Even though, when my boys are in school, they rarely get out of bed even when I wake them up at 6:30, during the summer and on weekends, they're sure to be up by 5:45 at the latest. I just try to pretend I don't hear the noise of feet. But anxiety usually pulls me from bed, whether I like it or not, because I know what happens when my boys are unaccompanied for any amount of time. Someone will try to fly off the top of the van with a kite strapped to him (even though he saw his brother get mangled yesterday for the same thing) or challenge his brother to a duel with steak knives or pour himself a giant bowl of oats with milk and leave it for the flies.

A perfectly tidy house.

I don't know if my house was ever perfectly tidy, honestly. I have a Husband, after all. And also a me. I've been known to put a book down somewhere and lose it in the stacks that follow me everywhere.

Eating in peace, while it's still hot.

It never fails. I bring out some leftovers from a date night with Husband, and the kids are immediately circling me like scavengers. "Can I have a bite?" they'll say.

"No," I'll say.

"Why not?" they'll say, their faces falling into their saddest pout ever.

"Because it's mine," I'll say.

"You're mean," they'll say.

"That's right. I am," I'll say, because I'll do whatever it takes to eat my ziti al forno in peace. I deserve this.

Cooking for two.

I don't even remember what this looks like. That's probably why, when Husband and I send the kids off for a quiet weekend, we mostly eat out. Because how do you cook for two when you're used to cooking for a small army? And, perhaps even more importantly, how do you enjoy a salad without someone complaining about it for you?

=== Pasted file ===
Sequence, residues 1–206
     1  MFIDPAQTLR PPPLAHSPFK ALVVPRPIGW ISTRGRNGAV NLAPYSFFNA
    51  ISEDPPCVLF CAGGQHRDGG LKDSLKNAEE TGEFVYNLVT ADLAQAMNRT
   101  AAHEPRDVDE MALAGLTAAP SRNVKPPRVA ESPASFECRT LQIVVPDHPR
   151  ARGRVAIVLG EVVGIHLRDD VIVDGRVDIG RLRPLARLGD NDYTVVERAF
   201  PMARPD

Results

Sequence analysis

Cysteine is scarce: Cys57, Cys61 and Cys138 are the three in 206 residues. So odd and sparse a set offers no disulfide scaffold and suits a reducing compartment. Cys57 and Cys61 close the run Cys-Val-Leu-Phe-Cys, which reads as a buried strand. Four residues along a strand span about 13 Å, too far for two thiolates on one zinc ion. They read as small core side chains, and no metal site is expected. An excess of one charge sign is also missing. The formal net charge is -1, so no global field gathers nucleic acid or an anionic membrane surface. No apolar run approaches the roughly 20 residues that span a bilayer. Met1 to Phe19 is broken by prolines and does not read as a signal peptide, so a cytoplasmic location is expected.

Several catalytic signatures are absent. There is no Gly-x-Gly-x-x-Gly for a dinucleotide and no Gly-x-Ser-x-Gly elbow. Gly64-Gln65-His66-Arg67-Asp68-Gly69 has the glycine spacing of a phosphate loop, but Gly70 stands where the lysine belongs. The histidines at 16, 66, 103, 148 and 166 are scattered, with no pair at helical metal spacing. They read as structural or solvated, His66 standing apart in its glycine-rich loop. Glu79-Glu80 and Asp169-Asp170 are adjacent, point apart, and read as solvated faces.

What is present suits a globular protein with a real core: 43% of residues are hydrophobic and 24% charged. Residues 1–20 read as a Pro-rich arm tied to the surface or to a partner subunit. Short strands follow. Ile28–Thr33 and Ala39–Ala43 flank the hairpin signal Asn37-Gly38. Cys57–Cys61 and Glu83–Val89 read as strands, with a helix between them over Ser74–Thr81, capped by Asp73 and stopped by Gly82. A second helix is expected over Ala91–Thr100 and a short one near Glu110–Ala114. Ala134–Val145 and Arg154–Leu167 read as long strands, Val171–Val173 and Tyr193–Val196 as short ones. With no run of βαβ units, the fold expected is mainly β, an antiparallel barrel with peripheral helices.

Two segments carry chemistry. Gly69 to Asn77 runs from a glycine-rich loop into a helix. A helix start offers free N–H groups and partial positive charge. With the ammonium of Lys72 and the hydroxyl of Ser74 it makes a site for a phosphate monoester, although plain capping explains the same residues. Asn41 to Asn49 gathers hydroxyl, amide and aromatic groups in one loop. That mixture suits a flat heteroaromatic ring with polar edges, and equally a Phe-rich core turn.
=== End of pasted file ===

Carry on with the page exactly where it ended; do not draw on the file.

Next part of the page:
I love silence. I love sitting in a room and hearing nothing but my own thoughts. It doesn't happen often, because someone at my house is always talking. Usually at least four at a time. I get to the end of a day with my boys, and there are so many words stuffed up in my head that I feel like I might explode. Just the other day, I told the 9-year-old that I was on word overload and just needed a few minutes of quiet, and he said, "Well, you haven't exploded yet" and kept right on talking about the next stop motion movie he was going to make -- which is super cool, but words. So many words.

I know these freedoms seem really nice on the outside, but, truthfully, by the time a weekend without my boys ends, I'm ready to get them all back, because there's something about silence and easy road trips and eating in peace that feels a little eerie now. I'm glad for the madness that kids bring to my life, because it's not the freedom that matters so much as the living. And my boys show me how to live every moment of every day -- by "accidentally" throwing dodge balls at my face and sneaking bites of my date-night leftovers when I get up to pour myself a drink (it's just water, I promise) and gathering the wildflowers in the front yard, which they'll try to put in my hair, dirty roots and all.

My boys have shown me how to play, how to dream, how to love. They have freed me in a million ways.

So my Independence Day? It happened when I had kids.

A version of this essay first appeared on Crash Test Parents. Follow Rachel on Twitter and Facebook.